Rodney Tiffen thinks he can.
- Last year, the total circulation of all Australian daily newspapers was a little over 2.1 million, fully one million lower than it was at the turn of the century.
Back in 1947 fully 38.6% of the population bought a newspaper. Now it’s 7.2%. Murdoch has roughly a 60 per cent share of Australian daily circulation, so about 4 per cent of the population now buy his papers, assuming just above two people read each paper.
The suggestion is that Murdoch’s ability to influence elections is not all that large and is diminishing.
2. Barnaby Joyce can’t stop coal mine
Barnaby Joyce said ‘the world has gone mad’ when his own Government approved the highly contentious Shenhua Watermark coal mine on the highly fertile Liverpool Plains in Barnaby’s own electorate.
Tony Windsor is considering running for parliament again.
As Minister for Agriculture Barnaby has been ineffectual.
Jacqui Lambie has mocked Joyce in what the SMH calls a bizarre video, calling his “the Liberals’ lap dog” and telling him to “stop licking the dirt off the Liberals’ boots”. He should resign from Cabinet, she says.
Labor has said Joyce is either ‘incompetent or lacks influence in cabinet’.
Joyce has been reduced to lobbying the NSW State Government to block the lease.
I understand the mine is on ridge lands, not suitable for cropping. There are worries, though, about the water table and dust contaminating nearby crops.
3. Q&A boycott
Joyce was also not impressed when Tony Abbott pulled the plug on ministers appearing on Q&A while the program was being reviewed.
Abbott has also said that ministers will appear again on Q&A if and when the program is brought under its news and current affairs umbrella, where there would be stricter controls on the program in terms of balance.
It looks as though the ABC will roll over on this one:
- ABC chairman Jim Spigelman, in a letter to Abbott on Thursday, said a transfer to the News Division had “merit” and was being considered.
Turning to more serious matters, have you ever seen a better 80-minute performance than Queensland put on NSW on Wednesday night?
Fox Sports thinks it was simply the best. 52-6 was a record margin, beating the 56-16 thrashing we got in 2000. NSW were in the match for the first five minutes and actually led 2-0. Then rookie Danew Gagai scored and it became a procession. All 17 players played well, but Thurston was outstanding:
- There’s a reason this bloke is most people’s pick as the nearest challenger to the Eighth Immortal’s title as the greatest halfback in history — his three try assists, a hand in no less than five line breaks plus nine goals from nine attempts, gives him fair claim to one of the most dominant individual performances in the interstate arena.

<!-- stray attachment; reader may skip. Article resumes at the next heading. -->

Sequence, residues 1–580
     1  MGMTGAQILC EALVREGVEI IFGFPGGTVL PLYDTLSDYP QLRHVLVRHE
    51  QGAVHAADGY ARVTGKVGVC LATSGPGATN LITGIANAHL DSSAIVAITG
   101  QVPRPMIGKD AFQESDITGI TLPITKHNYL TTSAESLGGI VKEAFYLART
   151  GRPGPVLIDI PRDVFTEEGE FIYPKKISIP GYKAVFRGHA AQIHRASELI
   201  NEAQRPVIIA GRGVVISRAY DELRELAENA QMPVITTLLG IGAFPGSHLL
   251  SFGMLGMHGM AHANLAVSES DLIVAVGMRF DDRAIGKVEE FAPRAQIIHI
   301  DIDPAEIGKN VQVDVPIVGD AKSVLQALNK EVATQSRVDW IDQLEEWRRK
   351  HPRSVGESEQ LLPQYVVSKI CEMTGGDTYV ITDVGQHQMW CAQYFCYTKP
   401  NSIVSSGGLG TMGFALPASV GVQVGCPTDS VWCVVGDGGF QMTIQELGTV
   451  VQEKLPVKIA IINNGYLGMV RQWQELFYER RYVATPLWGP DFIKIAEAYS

I suspect, though, that a critical difference was the return of Cooper Kronk for Daly Cherry Evans, who confuses everyone and at Origin level fools no-one.
For the NSW players, the whole thing must have seemed unreal There was silence on the bus on the way back to the hotel:
- Halfback Trent Hodkinson added that the bus ride was a “strange feeling”.
“It was more of a feeling that [the way we played] wasn’t who we are,” Hodkinson said.
Coach Mal Meninga thinks defence was the key. I thought the QLD line speed in defence was amazing. QLD had 70% of possession and made 1531 metres in attack to NSW’s 731.
We’ll never see its like again.
Even more serious, Akubra will no longer use Australian rabbit fur, because they can import processed fur more cheaply from France.
Bob Katter says it’s not about price:
- He said there would not be a person in Australia that would buy an Akubra hat because it was cheaper than some other hat.
“They buy it for style, they buy it for image, they buy it for who they are and for who they want to be,” he said.
Akubra have in fact been importing some fur since the 1990s and will still employ 85 people to make the hats.
Introduction to Saturday salon
Because of the way the blog currently presents posts on the home page I think it’s better to remove the introductory material to a different place. For new readers, here’s the rationale for this space.
An open thread where, at your leisure, you can discuss anything you like, well, within reason and the Comments Policy. Include here news and views, plus any notable personal experiences from the week and the weekend.
For climate topics please use the most recent Climate clippings.
The gentleman in the image is Voltaire, who for a time graced the court of Frederick II of Prussia, known as Frederick the Great. King Fred loved to talk about the universe and everything at the end of a day’s work. He also used the salons of Berlin to get feedback in the development of public policy.
Fred would only talk in French; he regarded German as barbaric. Here we’ll use English.
The thread will be a stoush-free zone. The Comments Policy says:
The aim [of this site] is to provide a venue for people to contribute and to engage in a civil and respectful manner.